Schlotzsky’s for dinner!
I wish I had a maid.
Tonight we have the Bible Study. Then Saturday we have a wedding reception. A friend of ours got married on Dec. 29 in San Antonio, and the reception is this week.
Bethany was going to go to Jeremy’s basketball game Saturday morning, but plans have changed. See…Jeremy is in love with Beth. He even obsesses over her. And that’s not a good thing. His parents said they are so afraid that the only thing Jeremy will do during the game is watch Beth. Why couldn’t he be about 15 years older? He will be 10 in a week or so. Here’s Jeremy and Beth back in November:
From the Family Research Council:
Photo Finish for Voter ID Case
In a case with major implications for the upcoming election, the U.S. Supreme Court heard oral arguments yesterday in a voter ID suit brought by the Indiana Democratic Party and the ACLU. Both organizations claim that the current law, which requires voters to present a government-issued picture ID on Election Day, imposes an unconstitutional burden on Indiana residents. To help alleviate the nuisance for the small population (1%) without IDs, Indiana allows voters to get free, state-sponsored picture IDs at their local DMV. The law even makes special accommodations for those who arrive unprepared on Election Day. Voters may cast provisional ballots then travel to their county seat within 10 days with the proper identification and validate their vote. If Indiana’s law is upheld, it paves the way for other states to impose similar rules and ultimately crack down on the voter fraud that has become so prevalent in recent years. Even Justice Anthony Kennedy implied that he didn’t consider the law unreasonable. “You want us to invalidate a statute on the ground that it’s a minor inconvenience to a small percentage of voters?” Attorney Paul Smith argued that some people would be required to travel as far as 17 miles by bus to reach their county seats. What a sad commentary on our nation. Has America, the torchbearer of democracy, whose men and women are fighting at this very moment on its behalf, become so indifferent to our freedoms that we wouldn’t travel 30 minutes to exercise them? Need we remind Mr. Smith what Iraq, South Africa, and many other countries have sacrificed to embrace the liberty Americans are so quick to take for granted? While I don’t underestimate the challenge this law presents to some Hoosiers, obtaining a picture ID is certainly a small price to pay for protecting the integrity of the democratic process.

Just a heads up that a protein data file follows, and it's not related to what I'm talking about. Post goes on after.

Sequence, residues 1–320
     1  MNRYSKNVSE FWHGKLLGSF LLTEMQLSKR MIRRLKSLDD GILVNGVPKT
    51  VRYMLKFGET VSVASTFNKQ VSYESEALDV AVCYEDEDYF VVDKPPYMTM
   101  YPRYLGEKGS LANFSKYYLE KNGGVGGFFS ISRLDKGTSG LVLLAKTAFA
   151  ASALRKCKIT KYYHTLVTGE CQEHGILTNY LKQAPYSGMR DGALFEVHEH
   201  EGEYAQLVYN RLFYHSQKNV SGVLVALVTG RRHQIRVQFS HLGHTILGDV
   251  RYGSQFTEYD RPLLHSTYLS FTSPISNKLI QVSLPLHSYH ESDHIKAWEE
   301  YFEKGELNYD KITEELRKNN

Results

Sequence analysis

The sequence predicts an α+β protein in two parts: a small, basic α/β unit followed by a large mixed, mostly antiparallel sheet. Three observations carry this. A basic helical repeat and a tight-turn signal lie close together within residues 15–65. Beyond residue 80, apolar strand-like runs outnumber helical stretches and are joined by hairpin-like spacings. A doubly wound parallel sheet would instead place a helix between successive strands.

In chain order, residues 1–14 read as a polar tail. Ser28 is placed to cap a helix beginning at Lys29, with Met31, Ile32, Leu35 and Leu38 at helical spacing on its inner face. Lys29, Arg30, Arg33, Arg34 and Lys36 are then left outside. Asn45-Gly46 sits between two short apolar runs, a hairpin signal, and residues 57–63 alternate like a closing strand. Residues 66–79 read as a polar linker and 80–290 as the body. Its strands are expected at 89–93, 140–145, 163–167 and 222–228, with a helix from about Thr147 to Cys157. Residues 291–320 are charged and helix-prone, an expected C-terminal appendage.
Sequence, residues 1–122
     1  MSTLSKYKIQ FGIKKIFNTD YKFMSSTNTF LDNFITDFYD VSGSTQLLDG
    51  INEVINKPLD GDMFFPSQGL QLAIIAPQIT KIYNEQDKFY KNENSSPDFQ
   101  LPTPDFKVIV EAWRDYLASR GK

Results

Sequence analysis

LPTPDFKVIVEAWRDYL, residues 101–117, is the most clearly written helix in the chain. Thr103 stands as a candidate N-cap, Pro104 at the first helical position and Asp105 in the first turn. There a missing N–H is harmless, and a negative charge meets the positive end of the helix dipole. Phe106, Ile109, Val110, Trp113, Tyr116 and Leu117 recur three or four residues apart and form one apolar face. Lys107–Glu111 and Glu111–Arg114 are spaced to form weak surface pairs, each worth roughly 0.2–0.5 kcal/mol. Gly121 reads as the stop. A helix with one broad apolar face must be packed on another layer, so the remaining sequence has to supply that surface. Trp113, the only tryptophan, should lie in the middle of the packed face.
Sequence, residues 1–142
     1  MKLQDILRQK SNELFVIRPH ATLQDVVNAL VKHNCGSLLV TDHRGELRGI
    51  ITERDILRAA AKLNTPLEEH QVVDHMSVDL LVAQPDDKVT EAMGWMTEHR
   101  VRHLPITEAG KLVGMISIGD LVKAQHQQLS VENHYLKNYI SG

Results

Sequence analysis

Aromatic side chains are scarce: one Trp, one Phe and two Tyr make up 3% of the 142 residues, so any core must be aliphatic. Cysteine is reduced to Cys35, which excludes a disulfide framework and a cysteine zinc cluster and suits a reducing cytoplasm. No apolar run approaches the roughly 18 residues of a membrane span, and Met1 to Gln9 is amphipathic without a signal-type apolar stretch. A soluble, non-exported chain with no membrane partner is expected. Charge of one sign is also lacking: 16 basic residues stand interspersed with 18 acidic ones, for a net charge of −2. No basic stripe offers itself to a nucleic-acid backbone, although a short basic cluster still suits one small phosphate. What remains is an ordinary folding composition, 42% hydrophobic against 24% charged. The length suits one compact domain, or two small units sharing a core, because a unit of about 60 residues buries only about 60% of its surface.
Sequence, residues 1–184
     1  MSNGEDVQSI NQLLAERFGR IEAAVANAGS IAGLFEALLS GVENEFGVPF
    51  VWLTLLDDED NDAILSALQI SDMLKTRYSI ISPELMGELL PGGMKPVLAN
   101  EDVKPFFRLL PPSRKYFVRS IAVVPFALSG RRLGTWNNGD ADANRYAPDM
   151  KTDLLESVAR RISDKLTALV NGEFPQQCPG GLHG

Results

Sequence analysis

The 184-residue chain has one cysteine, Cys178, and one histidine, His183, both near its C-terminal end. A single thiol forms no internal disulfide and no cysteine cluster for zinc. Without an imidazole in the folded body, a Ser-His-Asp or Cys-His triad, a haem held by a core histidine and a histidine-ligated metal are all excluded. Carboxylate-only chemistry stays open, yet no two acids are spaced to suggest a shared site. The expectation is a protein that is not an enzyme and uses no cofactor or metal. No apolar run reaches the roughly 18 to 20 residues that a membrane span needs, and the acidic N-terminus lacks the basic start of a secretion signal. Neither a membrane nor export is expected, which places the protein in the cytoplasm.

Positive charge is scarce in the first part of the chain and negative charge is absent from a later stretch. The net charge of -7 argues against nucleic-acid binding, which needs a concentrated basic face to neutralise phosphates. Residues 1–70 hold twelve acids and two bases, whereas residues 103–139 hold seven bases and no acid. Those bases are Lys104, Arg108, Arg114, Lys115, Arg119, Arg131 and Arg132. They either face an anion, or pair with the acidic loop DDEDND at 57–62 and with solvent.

Values Voters Continue to Mystify Press
For being largely irrelevant, as some pundits claimed, values voters have received an awful lot of attention lately. Pollsters continue to pay the price for underestimating the importance of moral issues at the ballot box. To avoid future embarrassment, many are scrambling to understand the values voter culture so that they can better predict its movements. Yesterday, a new Harris Poll tried to identify what “moral values” actually mean to the voting public. Once again, researchers found that morality does matter to most people (85%) when deciding whom to vote for. Republicans are much more likely (63%) than Democrats (37%) to believe that moral values are important in selecting a candidate. Interestingly, voters seemed to associate that priority with the “personal characteristics” of the candidates rather than their positions on issues. “These findings show that [the media] must be very careful to assume that voters who feel strongly about ‘moral values’ are primarily concerned with issues such as abortion, homosexuality, gay marriage… or any of the other issues often associated with the Christian Right,” the survey concluded. Although the poll was meant to pigeonhole what many consider an enigmatic voting bloc, it proved a larger point. Unlike some Americans, social conservatives believe that personal morality should influence a candidate’s public decisions. This is a foreign concept for many in the liberal media who reduce values to a creed of moral relativism that has little or no impact on a person’s behavior–let alone a candidate’s. Until the media can reconcile its definition of morality with the Truth, this disconnect about values voters is bound to continue.
Pro-Life Groups in Oklahoma Can Keep Funds from License Plates
Abortion group went all the way to the Supreme Court in hunt for money.
The Supreme Court will let stand a lower court ruling that said a pro-abortion group in Oklahoma is not entitled to money raised from the sale of pro-life license plates.
In 2004, Oklahoma added Choose Life plates, which cost drivers $35 annually. Seeking a piece of the pie, the Oklahoma Religious Coalition for Reproductive Choice sued.
Russ Amerling, spokesman for the Florida-based Choose Life, said the money — about $10,000 since 2004 — is of secondary importance.
“We’ve been telling them for years to stop suing us and get their own license plate,” he said, “but the only time they apply for a license plate is when the Choose Life plate is being or has been approved.”
Planned Parenthood has pro-abortion plates in Hawaii and Montana; they are outsold by Choose Life plates by as much as 8-to-1. Abortion groups have similar lawsuits pending in at least three other states.